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Brexit: ‘Dozen’ Tories could back no confidence vote, says Ellwood

Ellwood was speaking to the BBC’s Panorama
“A dozen or so” Conservative MPs could support a vote of no confidence to stop a no-deal Brexit, defence minister Tobias Ellwood has told the BBC.
He told Panorama that many backbenchers and ministers would rebel if the UK faced leaving the EU on the 31 October deadline without a legal agreement.
Boris Johnson, the favourite to succeed Theresa May as Tory leader, says the UK must leave by that date, come what may.
If the government lost a confidence vote, it could trigger an election.
A vote of no confidence lets MPs decide whether they want a government to continue.
A 14-day countdown is started if a majority of MPs vote for the motion – and a general election will be called if, during that period, the government or any other alternative government cannot win a new vote of confidence.
The current government has a working Commons majority – its effective numerical advantage over all the other parties – of just four and depends on the backing of the Democratic Unionists.
This makes it highly vulnerable to defeat if a small number of its MPs side with Labour and other opposition parties.
Theresa May survived a no confidence vote in January after MPs rejected her Withdrawal Agreement with the EU for the first time. At the time, no Tory MPs backed the move.
But MPs have suggested this could change if the next prime minister – whether it is Boris Johnson or his rival Jeremy Hunt – tries to take the UK out of the EU on 31 October without a legally-binding agreement.
A no-deal exit would see the UK leave the customs union and single market overnight and start trading with the EU on World Trade Organisation rules.
Opponents say it would cause huge disruption at the borders and be catastrophic to many firms reliant on trade with the continent.
But it remains the default legal outcome unless the EU grants the UK another extension to the Brexit process.
Asked if Conservatives opposed to a no-deal Brexit had the “numbers”, Mr Ellwood told Panorama: “I believe that absolutely is the case.
“I think a dozen or so members of Parliament would be on our side, would be voting against supporting a no deal, and that would include ministers as well as backbenchers.”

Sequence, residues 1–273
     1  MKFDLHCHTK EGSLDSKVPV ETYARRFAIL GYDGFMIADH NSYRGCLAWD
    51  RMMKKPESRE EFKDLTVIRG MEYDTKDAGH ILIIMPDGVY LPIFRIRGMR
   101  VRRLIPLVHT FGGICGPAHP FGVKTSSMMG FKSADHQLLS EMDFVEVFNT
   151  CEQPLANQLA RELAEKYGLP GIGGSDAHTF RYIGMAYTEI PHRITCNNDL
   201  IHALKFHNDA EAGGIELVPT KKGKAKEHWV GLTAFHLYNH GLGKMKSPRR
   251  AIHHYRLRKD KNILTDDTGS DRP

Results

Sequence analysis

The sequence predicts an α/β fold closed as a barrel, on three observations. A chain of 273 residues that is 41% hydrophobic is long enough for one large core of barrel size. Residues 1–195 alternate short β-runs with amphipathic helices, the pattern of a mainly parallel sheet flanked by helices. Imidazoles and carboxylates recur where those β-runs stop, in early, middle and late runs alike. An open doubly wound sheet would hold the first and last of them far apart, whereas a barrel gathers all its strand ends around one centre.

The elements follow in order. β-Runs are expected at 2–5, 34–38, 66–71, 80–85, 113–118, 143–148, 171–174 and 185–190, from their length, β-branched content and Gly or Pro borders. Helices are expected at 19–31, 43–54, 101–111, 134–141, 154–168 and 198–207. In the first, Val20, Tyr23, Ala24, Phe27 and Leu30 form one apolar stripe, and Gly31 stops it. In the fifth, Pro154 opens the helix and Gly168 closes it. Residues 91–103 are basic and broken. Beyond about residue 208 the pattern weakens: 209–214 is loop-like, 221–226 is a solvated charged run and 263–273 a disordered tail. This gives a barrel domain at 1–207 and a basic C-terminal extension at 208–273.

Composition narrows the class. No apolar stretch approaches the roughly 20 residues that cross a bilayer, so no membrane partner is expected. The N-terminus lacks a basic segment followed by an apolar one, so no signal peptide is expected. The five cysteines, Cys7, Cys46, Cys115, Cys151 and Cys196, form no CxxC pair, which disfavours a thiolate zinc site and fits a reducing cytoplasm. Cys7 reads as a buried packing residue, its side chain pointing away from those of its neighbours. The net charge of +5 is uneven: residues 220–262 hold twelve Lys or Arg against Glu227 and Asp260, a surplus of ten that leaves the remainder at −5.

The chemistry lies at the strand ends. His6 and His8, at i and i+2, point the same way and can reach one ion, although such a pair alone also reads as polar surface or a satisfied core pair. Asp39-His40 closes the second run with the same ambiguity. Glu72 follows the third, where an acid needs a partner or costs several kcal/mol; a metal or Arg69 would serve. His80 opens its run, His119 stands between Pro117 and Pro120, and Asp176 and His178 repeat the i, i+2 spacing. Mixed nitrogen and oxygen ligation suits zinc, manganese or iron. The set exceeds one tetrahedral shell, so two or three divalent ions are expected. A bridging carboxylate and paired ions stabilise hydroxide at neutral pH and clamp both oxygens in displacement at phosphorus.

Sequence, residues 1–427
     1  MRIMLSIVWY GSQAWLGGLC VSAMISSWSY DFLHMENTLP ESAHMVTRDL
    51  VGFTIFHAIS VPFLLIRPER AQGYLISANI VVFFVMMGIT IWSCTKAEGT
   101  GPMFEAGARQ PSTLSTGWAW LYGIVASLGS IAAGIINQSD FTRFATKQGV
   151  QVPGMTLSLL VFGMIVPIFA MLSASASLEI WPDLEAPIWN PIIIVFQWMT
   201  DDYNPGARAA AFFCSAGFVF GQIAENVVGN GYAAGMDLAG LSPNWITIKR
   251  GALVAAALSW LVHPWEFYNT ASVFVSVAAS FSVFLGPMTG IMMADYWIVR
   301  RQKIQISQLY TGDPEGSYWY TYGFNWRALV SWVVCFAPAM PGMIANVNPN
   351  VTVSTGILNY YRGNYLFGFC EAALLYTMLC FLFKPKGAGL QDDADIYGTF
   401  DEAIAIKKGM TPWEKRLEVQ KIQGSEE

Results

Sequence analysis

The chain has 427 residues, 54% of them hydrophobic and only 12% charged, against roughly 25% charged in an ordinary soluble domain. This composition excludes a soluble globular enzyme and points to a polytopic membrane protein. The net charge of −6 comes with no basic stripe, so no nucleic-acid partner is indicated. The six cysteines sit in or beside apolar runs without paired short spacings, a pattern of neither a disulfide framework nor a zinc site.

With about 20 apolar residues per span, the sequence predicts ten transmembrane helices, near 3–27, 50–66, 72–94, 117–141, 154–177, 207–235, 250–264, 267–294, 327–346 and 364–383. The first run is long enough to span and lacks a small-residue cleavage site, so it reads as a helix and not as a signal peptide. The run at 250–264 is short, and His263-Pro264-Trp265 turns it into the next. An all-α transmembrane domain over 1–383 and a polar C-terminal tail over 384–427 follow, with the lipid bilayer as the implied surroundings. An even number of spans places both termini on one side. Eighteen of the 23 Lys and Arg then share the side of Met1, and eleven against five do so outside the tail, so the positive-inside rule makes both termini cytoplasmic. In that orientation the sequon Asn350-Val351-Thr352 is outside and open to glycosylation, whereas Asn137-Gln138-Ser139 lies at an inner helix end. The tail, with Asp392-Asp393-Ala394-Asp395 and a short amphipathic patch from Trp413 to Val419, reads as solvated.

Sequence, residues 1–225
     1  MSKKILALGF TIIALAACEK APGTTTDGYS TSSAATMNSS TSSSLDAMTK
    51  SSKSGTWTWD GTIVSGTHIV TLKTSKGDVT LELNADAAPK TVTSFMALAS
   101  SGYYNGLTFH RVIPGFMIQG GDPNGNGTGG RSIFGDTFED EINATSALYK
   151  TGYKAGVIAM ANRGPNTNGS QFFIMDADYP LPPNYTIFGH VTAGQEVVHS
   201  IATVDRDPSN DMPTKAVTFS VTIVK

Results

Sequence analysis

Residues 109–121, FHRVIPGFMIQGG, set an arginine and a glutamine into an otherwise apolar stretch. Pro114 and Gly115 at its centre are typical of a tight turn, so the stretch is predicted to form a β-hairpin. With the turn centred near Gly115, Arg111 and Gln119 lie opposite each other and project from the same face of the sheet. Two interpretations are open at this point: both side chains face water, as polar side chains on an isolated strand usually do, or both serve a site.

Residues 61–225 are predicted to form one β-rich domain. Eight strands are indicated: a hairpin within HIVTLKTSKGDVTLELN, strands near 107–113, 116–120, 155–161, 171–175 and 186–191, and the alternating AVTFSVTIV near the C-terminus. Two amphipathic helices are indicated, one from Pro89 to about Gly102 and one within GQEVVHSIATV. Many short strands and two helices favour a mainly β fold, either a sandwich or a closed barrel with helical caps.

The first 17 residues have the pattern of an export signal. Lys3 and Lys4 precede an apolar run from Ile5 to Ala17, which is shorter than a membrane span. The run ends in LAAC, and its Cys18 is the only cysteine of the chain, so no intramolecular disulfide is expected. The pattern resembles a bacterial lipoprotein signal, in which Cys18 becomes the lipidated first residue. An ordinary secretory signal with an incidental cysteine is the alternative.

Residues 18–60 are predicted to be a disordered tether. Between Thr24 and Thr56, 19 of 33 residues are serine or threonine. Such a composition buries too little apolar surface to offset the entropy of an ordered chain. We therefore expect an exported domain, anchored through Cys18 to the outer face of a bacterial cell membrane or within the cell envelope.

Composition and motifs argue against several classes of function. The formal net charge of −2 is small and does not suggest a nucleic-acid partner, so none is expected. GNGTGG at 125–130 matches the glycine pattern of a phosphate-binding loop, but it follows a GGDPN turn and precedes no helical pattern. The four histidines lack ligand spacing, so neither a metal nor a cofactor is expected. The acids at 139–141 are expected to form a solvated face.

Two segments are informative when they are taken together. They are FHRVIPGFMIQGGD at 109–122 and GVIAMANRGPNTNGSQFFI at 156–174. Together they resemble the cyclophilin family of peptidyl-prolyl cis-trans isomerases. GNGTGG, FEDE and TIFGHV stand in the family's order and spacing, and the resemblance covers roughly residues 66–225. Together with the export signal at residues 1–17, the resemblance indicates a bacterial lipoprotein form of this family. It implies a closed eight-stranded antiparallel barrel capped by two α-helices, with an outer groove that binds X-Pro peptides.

But Conservative MP Marcus Fysh, a supporter of Mr Johnson’s, said such “negative” comments from his colleagues were “unwise”.
He said Mr Johnson was the only person able to reassure MPs and the public that the UK was properly prepared for the eventuality of a no-deal exit and could make the best of it.
“Boris Johnson has not even had a chance to put these plans into action,” he told the BBC’s Victoria Derbyshire show.
“Once people see them coming forward, I think they will have confidence we can do this.”
Brexit was supposed to happen on 29 March but the UK was given an extra seven months to try and get Parliament’s approval for the terms of withdrawal, rejected three times by MPs.
In his Daily Telegraph column on Monday, Mr Johnson said of the new 31 October deadline: “This time we are not going to bottle it. We are not going to fail.”
But Mr Hunt challenged his rival to reveal whether he would call an election, something he himself has ruled out, if MPs refused to allow the UK to leave without a deal on that date.
He said he feared a government led by Mr Johnson would rapidly collapse, because he would be unable to hold together a coalition of supporters that range from MPs who back no deal to others who feel it would be totally unacceptable.
“If you are not clear about exactly what you are going to do, that coalition will collapse immediately and you will have Jeremy Corbyn in Number 10,” the foreign secretary said.